An insulin pump consists of a small, digitalized computer, a cannula (or tube) and a needle. The needle is inserted just under the skin of the patient, usually in the abdominal region. It is typically held in place by an adhesive pad or strip. The needle is connected to the digital pump device by the cannula. The needle remains under the skin twenty-four hours per day, and the small pump can be clipped to clothing, usually a belt or pants waistband. The entire device is relatively discreet and is difficult to detect underneath a person’s clothing. 

The insulin pump contains an internal reservoir which holds the hormone. Instructions for correct dosage amounts and injection timings are entered into the computerized device. Once programmed, the device will deliver the hormone through the tube and needle and into the body as required. The pump can also be manually activated if extra doses of insulin are needed which have not been pre-programmed into the device. 

Blood glucose levels must still be checked regularly. However, the need for manual needle injections of insulin is eliminated with the use of a pump. It may also reduce the total number of daily glucose tests that are needed. 

Insulin infusion for Type I diabetes is a relatively new technology, but is rapidly gaining acceptance in the medical community for its numerous advantages, which include:  

*Ease of administration: Insulin infusion has been a lifesaver for many Type I diabetes sufferers, particularly children. Children with Type I diabetes are able to attend school and participate in regular daily activity, and parents need not worry about finding someone to administer insulin to their child in their absence. Nor do they need to worry about a child going into insulin shock while at school. Parents can simply fill and program the pump and know that their child will receive the correct amount of insulin throughout the day.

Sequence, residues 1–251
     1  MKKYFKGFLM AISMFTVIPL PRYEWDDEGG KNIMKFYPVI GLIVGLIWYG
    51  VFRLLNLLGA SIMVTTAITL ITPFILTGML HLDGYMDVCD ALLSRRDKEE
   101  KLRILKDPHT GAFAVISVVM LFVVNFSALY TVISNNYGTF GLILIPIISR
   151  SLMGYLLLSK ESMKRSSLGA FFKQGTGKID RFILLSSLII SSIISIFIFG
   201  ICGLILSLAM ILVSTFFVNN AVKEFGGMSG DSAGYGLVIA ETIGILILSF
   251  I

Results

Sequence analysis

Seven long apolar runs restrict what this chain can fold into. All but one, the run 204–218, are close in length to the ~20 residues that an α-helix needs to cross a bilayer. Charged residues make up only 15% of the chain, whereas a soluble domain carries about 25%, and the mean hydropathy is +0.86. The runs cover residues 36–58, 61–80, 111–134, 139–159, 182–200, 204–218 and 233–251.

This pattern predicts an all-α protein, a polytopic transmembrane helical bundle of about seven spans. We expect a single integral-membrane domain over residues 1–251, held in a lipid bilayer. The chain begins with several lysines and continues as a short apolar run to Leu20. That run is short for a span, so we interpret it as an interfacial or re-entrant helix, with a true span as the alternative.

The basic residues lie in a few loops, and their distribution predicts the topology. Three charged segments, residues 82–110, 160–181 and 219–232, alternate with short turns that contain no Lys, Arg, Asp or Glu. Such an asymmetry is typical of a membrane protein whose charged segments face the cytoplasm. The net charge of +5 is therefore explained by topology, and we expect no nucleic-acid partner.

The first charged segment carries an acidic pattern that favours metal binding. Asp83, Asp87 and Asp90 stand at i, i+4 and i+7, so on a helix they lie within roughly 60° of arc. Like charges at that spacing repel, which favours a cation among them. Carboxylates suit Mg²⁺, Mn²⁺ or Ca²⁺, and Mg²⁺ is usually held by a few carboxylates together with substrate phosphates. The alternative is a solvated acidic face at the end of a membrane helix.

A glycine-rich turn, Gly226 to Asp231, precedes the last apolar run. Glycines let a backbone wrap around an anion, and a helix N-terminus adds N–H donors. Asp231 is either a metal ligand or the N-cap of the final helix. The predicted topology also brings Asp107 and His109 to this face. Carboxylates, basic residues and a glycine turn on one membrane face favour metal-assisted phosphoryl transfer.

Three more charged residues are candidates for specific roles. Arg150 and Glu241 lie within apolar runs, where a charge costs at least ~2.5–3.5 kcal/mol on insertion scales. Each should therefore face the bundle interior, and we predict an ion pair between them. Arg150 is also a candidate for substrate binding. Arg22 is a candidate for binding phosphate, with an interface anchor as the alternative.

*Convenience: Insulin infusion is not disruptive to normal daily activity. Diabetics need not take time out of regular activities to administer insulin. 

*Dosage level control: Sometimes the amount of insulin a person requires is so small (particularly in the case of babies and very small children) that manual administration poses significant risk of overdosing. The insulin pump, on the other hand, can accurately deliver even very small amounts of insulin to the body. 

Unfortunately, insulin infusion is considered to be too new a technology by many insurance companies. Therefore, many of them do not cover insulin pumps for diabetic patients. However, insulin pumps have frequently proved themselves to be life-saving devices, especially in children, and they are slowly becoming recognized as a legitimate and necessary form of Type I diabetes treatment rather than merely devices of convenience. Pressure from consumers and the producers of insulin pumps have caused some insurance companies to change their policies regarding the coverage of insulin pumps. It’s likely that more companies will follow suit in the years and decades to come.

Some Enlightening Information About Insulin Resistance and Insulin Resistance Syndrome

Believe it or not – I was astounded! Well over 60,000 searches are done online each and every month for the term insulin resistance. That means a lot of people are curious, and possibly concerned about this. As they should be. It also means that a lot of people are confused about it… and they shouldn’t be.